1949
first serious uses of a working computer
including plans to read printed text
(he expected it would be easy)
1950
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proposed strong test for machine intelligence
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Turing Tests
How to judge that a machine can ‘think’:
– play an ‘imitation game’ conducted via teletypes
– a human judge & two invisible interlocutors:
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a human
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a machine `pretending’ to be human
– after asking any questions (challenges) he/she
wishes, the judge decides which is human
– failure to decide correctly would be convincing
evidence of machine intelligence (Turing asserted)
Modern GUIs invite richer challenges than teletypes….
A. Turing, “Computing Machinery & Intelligence,” Mind, Vol.
59(236), 1950.
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“CAPTCHAs”:
Completely Automated Public Turing Tests
to Tell Computers & Humans Apart
(M. Blum, L. A. von Ahn, J. Langford, et al, CMU SCS)
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challenges can be generated & graded automatically
(i.e. the judge is a machine)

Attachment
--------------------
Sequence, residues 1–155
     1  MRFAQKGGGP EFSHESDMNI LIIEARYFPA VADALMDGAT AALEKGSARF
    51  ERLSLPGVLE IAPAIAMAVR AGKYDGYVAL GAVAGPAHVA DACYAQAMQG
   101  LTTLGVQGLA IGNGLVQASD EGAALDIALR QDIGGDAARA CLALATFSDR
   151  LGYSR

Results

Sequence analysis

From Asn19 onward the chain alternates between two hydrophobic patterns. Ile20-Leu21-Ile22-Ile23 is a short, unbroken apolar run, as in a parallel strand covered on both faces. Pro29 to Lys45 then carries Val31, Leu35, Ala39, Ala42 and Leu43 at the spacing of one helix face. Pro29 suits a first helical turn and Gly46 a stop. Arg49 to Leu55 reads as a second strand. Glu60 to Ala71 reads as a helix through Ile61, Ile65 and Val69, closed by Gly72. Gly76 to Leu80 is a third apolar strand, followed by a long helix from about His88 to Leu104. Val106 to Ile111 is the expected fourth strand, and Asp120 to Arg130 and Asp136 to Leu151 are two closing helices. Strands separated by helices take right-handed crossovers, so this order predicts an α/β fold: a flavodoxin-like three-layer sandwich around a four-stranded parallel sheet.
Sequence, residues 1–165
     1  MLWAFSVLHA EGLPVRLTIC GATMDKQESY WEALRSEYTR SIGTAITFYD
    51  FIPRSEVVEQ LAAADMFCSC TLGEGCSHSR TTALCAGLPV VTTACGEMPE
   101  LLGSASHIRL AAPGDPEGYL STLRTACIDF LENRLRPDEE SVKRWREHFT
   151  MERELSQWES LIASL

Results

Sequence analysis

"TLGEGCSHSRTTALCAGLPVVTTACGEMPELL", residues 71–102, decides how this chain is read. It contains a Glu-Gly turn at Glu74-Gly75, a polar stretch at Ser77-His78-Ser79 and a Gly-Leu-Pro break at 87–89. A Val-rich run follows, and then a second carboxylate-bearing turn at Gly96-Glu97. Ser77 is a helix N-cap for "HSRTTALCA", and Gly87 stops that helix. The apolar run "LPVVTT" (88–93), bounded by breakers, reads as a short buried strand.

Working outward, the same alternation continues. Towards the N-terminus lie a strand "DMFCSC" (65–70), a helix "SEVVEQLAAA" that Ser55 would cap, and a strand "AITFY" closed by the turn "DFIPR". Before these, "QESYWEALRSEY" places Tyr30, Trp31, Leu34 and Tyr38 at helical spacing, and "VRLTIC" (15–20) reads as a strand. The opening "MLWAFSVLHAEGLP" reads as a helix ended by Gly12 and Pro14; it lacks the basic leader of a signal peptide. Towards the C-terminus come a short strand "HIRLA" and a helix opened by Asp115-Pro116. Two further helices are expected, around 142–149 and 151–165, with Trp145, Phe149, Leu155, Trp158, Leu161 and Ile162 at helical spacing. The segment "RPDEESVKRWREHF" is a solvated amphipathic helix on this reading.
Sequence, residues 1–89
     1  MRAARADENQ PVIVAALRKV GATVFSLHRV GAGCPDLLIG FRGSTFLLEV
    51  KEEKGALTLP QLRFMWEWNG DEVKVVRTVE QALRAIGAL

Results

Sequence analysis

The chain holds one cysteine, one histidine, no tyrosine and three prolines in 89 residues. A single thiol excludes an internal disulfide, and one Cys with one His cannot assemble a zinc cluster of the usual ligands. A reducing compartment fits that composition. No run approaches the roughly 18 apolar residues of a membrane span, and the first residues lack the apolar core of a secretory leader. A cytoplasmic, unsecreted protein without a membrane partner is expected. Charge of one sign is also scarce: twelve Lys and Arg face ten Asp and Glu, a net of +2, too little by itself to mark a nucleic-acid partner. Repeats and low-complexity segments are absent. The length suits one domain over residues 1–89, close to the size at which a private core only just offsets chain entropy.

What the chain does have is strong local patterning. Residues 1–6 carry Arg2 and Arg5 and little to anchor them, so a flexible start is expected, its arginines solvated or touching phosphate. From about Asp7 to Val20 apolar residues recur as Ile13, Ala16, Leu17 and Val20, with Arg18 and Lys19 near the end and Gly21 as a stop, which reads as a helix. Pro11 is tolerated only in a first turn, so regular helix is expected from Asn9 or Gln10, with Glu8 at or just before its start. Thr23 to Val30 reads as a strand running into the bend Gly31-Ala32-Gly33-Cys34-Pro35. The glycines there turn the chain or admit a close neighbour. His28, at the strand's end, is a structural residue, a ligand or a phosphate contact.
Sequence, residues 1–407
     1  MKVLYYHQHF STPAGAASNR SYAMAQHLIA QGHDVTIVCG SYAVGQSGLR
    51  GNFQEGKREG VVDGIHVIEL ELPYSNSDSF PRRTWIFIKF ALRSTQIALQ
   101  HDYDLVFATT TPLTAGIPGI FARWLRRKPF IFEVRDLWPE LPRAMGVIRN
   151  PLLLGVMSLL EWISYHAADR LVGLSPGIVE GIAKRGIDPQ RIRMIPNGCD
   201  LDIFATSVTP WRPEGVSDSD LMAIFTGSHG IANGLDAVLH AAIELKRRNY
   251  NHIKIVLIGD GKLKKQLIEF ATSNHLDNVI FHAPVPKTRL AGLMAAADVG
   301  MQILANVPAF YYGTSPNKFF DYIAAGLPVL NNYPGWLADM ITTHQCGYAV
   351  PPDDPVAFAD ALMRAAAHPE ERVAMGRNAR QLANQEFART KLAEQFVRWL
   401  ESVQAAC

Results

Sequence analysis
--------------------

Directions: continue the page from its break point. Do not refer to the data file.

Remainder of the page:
accepts virtually all humans, quickly & easily
rejects virtually all machines
resists automatic attack for many years
(even assuming that its algorithms are known?)
NOTE: the machine administers, but cannot pass the test!
L. von Ahn, M. Blum, N.J. Hopper, J. Langford, “CAPTCHA: Using
Hard AI Problems For Security,” Proc., EuroCrypt 2003, Warsaw,
Poland, May 4-8, 2003 [to appear].
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CMU’s ‘Gimpy’ CAPTCHA
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Randomly pick:
English words, deformations, occlusions, backgrounds, etc
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Challenge user to type in any three of the words
Designed by CMU team: tried out by Yahoo!
Problem: users hated it --- it was withdrawn
L. Von Ahn, M. Blum, N. J. Hopper, J. Langford, The CAPTCHA
Web Page, http://www.captcha.net.
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Yahoo!’s present CAPTCHA:
“EZ-Gimpy”
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Randomly pick:
one English word, deformations, degradations, occlusions,
colored backgrounds
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Better tolerated by users
Now used on a large scale to protect various services:
Well tolerated by users
Weaknesses: a single typeface, English lexicon
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PayPal’s CAPTCHA
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Nothing published
Seems to use one typeface
Picks, at random:
letters, overlain pattern
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Weaknesses: single typeface, simple grid,